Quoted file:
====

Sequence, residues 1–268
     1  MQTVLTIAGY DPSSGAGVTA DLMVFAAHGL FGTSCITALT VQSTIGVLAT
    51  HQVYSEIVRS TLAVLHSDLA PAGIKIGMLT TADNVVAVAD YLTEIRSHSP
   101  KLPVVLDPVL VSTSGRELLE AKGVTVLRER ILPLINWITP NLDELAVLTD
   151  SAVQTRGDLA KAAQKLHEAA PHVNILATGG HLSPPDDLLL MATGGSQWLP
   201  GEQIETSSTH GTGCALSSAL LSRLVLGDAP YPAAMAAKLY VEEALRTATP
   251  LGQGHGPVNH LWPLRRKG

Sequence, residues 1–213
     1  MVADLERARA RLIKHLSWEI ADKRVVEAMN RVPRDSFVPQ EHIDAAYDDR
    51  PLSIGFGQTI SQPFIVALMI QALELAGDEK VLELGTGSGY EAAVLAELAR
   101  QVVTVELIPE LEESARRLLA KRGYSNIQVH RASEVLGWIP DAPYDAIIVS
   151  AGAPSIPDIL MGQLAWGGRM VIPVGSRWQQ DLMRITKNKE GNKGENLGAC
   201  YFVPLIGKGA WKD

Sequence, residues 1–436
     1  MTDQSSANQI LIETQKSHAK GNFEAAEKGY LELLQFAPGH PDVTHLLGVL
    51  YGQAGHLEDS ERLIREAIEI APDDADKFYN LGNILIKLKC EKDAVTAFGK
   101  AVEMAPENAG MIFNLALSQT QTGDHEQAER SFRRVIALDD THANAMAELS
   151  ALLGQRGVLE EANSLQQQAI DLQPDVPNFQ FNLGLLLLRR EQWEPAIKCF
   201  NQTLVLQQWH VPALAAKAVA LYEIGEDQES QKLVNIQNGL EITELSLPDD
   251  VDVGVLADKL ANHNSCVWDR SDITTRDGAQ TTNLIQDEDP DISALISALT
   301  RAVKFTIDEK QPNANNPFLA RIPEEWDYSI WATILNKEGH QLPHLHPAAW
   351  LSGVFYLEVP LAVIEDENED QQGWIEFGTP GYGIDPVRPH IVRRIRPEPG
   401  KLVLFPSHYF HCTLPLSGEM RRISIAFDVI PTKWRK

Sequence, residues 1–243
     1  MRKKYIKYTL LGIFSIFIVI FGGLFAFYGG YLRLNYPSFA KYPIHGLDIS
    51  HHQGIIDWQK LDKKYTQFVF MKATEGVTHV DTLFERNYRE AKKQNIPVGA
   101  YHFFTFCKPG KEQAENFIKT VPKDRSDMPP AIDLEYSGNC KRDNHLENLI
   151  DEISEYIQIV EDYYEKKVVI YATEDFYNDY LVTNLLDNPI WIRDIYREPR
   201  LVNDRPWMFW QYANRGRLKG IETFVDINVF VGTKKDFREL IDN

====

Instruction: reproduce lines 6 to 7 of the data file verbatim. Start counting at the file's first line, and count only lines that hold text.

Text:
   201  GEQIETSSTH GTGCALSSAL LSRLVLGDAP YPAAMAAKLY VEEALRTATP
   251  LGQGHGPVNH LWPLRRKG